Court to Company: Pay for the Pill

Clearing the way for gender equity in contraceptive coverage


Viagra prescription: check. Passionate couple: check. A little privacy: check. A spawn shield: not quite.

So your insurance plan happily bellies up for that stay-up male enhancement pill then balks at covering contraceptives? Check yourself off as one of the many Americans with a health insurance plan often labeled unfair-or even downright discriminatory, according to a recent court ruling.

An Idaho woman, tired of the gap in her coverage, recently said enough with the inequality and took her Fortune 500 employer to court. Brandi Standridge of Pocatello told judges her insurance plan wouldn't boot the bill for contraceptives, and that just reeks of injustice. The U.S. District Court of Nebraska agreed, and handed down a decision that could pave the way for other women to access insurance-covered prescription contraceptives.

"The wording of this decision absolutely sets a positive precedence for future contraceptive laws here and across the nation," said Rebecca Poedy of Planned Parenthood of Idaho. "We do believe that contraceptive equality is important to all women and employers need to be paying attention."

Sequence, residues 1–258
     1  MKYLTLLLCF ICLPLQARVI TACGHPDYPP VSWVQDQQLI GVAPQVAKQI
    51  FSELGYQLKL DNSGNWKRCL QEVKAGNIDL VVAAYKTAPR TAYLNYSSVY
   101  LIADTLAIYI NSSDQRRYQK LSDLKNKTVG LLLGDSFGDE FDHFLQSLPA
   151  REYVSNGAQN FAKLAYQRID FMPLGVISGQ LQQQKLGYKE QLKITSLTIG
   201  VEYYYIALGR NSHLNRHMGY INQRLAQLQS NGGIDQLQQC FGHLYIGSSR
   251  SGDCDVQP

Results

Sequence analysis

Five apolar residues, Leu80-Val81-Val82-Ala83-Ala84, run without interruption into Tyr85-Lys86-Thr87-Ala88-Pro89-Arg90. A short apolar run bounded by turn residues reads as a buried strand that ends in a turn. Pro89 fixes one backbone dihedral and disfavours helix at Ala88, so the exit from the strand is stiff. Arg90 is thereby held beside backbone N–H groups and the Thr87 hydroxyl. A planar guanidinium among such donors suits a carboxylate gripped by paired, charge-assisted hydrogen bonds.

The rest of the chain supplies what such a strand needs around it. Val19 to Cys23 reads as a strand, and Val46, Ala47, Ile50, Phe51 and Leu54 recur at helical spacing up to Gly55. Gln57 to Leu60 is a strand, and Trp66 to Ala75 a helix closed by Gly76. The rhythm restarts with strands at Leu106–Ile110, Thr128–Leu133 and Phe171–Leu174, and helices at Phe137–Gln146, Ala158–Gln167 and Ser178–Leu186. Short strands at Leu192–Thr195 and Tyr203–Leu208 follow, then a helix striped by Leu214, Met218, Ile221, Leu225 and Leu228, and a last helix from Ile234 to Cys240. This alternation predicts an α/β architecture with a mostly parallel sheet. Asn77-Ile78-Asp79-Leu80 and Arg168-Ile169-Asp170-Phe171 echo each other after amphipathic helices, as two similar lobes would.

Standridge and Kenya Phillips of Kansas City represented current and former Union Pacific employees, including 950 other Idaho women, in a class action suit against railroad. The District Court ruled that Union Pacific's decision to exclude contraceptive coverage in its health plans for unionized workers is tantamount to sex discrimination and violates Title II of the Federal Civil Rights Act. Title VII is meant to defeat race and sex discrimination in the workplace.

Poedy says contraception coverage poses no hardship to companies and could actually save dollars. According to Planned Parenthood, every dollar spent on contraceptives saves $3 in pregnancy-associated costs, including prenatal health care, delivery and well-baby care for the first three months after birth. The nonprofit reproductive health care organization considers contraceptive access part of basic health care, yet Poedy says many employers are still reluctant to cover the costs of prescription contraceptives.

"When Viagra first came out on the market, within six months over 80 percent of insurance companies covered Viagra. Well, we are still fighting for basic contraceptive coverage," Poedy said. "There is an absolute imbalance between coverage for Viagra and coverage for contraceptives that needs to be addressed."

GET INVOLVED: To learn more about contraceptive coverage, laws, how to lobby employers for insurance covered contraceptives and what to do if you're denied contraceptives or contraceptive coverage, visit